Credit: National Guard
A report filed by the Special Inspector General for Afghanistan Reconstruction (SIGAR) claims that the Afghan Ministry of Finance has levied $921 million in business taxes against contractors supporting the U.S. war effort in Afghanistan, despite existing agreements that such organizations are tax exempt.
According to the report, 43 of the sampled contractors paid only 7 percent ($67 million) of the levied taxes, creating a legal deadlock which the report attributes to the Ministry of Finance’s failure to “provide sufficient descriptions of the taxes or penalties levied” in their tax assessments.
As a result of the unpaid taxes, the Ministry of Finance has arrested contracting personnel, refused to renew some contractor business licenses, and has frozen company bank accounts. The Ministry has also placed restrictions on the contractors’ freedom of movement, denying them the ability to move supplies and personnel throughout Afghanistan.
The report warns that these actions could result in the “potential interruption of support to U.S. military operations.”
The wars in Iraq and Afghanistan have seen a heavy increase in the use of private businesses working on U.S. government contracts. Contractors provide a wide range of support services to the U.S. military, including vehicle and equipment repairs, base security, and supply delivery.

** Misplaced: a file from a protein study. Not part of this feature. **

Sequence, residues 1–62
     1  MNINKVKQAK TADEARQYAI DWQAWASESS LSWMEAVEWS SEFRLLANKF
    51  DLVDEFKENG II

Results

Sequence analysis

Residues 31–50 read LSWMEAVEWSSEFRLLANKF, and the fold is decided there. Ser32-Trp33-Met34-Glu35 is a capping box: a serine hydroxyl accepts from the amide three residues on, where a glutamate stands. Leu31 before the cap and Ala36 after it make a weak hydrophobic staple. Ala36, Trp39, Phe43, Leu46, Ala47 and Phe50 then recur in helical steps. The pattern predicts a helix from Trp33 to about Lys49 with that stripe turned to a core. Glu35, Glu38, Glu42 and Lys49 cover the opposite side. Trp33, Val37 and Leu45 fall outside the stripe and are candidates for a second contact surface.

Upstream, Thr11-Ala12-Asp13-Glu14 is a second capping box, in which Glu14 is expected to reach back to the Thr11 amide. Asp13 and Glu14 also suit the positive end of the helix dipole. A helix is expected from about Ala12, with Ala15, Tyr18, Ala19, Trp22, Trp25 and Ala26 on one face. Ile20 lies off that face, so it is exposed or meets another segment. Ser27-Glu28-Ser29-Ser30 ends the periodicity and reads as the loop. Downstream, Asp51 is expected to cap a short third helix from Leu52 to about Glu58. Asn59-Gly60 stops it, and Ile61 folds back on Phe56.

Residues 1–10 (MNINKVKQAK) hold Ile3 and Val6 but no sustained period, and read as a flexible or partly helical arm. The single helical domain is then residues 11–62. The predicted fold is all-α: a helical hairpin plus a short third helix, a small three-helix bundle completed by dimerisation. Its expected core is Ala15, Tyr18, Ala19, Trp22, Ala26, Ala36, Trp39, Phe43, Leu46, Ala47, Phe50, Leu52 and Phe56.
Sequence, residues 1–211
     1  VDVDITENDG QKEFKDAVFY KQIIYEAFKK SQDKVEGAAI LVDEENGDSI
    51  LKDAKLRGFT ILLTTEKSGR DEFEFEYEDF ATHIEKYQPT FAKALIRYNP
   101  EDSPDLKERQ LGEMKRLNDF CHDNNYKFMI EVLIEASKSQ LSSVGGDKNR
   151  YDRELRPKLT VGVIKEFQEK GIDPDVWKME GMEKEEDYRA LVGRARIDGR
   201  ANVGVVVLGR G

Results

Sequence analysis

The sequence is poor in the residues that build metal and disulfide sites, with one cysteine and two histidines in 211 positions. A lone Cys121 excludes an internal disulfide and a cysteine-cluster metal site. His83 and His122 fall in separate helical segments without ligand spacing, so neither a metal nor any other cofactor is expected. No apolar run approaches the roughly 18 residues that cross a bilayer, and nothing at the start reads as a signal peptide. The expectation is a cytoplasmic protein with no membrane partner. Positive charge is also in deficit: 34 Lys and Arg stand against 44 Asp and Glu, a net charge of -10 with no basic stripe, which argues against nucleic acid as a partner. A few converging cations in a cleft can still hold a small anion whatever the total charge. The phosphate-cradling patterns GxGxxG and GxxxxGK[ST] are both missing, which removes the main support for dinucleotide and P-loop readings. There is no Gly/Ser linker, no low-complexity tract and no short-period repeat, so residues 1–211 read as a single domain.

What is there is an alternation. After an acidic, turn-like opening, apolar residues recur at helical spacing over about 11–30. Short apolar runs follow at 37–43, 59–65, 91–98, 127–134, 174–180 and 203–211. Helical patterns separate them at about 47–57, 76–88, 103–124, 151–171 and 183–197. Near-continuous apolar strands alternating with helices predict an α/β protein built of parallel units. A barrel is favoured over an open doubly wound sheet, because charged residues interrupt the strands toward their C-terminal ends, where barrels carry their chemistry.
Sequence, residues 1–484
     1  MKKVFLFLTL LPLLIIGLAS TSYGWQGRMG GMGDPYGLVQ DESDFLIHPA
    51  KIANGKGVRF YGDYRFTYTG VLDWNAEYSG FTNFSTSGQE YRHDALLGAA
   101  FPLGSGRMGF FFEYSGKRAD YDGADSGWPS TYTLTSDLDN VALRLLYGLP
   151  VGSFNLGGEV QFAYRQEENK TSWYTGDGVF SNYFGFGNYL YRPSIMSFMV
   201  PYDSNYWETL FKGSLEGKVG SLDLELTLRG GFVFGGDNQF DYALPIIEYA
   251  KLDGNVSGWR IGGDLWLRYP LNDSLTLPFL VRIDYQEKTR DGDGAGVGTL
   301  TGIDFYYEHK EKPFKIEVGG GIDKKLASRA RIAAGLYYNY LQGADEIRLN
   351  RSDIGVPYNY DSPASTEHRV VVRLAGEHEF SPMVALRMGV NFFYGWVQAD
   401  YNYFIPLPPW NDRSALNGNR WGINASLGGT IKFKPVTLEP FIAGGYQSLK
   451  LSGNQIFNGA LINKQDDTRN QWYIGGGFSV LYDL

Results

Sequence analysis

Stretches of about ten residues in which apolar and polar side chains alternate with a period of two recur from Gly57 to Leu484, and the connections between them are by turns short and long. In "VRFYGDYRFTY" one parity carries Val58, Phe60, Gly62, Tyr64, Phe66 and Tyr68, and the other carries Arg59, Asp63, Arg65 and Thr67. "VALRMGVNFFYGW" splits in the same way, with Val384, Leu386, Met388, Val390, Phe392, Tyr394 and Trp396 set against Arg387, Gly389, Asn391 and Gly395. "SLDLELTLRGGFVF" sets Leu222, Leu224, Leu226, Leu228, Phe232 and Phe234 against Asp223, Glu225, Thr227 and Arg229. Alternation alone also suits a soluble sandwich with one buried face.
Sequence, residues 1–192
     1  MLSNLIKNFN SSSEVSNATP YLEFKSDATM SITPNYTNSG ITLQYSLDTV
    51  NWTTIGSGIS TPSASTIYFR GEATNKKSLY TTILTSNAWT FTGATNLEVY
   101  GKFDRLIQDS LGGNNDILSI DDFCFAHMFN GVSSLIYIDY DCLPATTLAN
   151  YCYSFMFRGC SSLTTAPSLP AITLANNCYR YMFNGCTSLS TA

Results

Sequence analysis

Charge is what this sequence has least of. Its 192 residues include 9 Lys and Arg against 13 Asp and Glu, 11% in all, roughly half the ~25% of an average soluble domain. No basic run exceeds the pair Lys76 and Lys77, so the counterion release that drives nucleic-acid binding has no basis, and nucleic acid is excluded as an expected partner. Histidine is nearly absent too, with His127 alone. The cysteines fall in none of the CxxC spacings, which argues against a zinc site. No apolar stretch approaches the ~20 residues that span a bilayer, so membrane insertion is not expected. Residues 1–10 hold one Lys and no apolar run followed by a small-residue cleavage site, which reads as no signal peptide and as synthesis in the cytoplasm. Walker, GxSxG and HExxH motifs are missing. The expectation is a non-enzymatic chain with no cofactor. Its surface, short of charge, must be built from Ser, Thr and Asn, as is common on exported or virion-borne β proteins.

Some military contractors have even engaged in combat operations alongside U.S. forces. Despite the important role that contractors have played in supporting the Afghanistan war effort, the U.S. government has remained static on the issue.
Afghan Finance Minister Omar Zakhilwal rejected the claims made by the SIGAR report in an interview with an Afghan radio station, stating that they are “absolutely false, totally wrong” and “irresponsible.” The Ministry of Finance claims that the taxes are legitimate because they were levied towards subcontractors, which the Ministry argues does not have the same tax-exempt status as prime contractors.
The SIGAR report disagrees, citing interviews with several Ministry officials who acknowledge that current agreements between the U.S. Agency for International Development and the Afghan government specifically state that “any contractor, grantee or any other organization” is exempt from paying Afghan taxes.
The SIGAR report urges the Department of Defense to take action by ensuring that all subcontractors obtain required certificates of tax exemption, while also recommending that the State Department develop a unified position on the issue of contractor taxation (though the department has argued such a position already exists).
The resolution of this issue, as well as the immunity status of contractors working in Afghanistan after the 2014 withdrawal deadline, will likely play a pivotal role in shaping the future of U.S-Afghan security operations.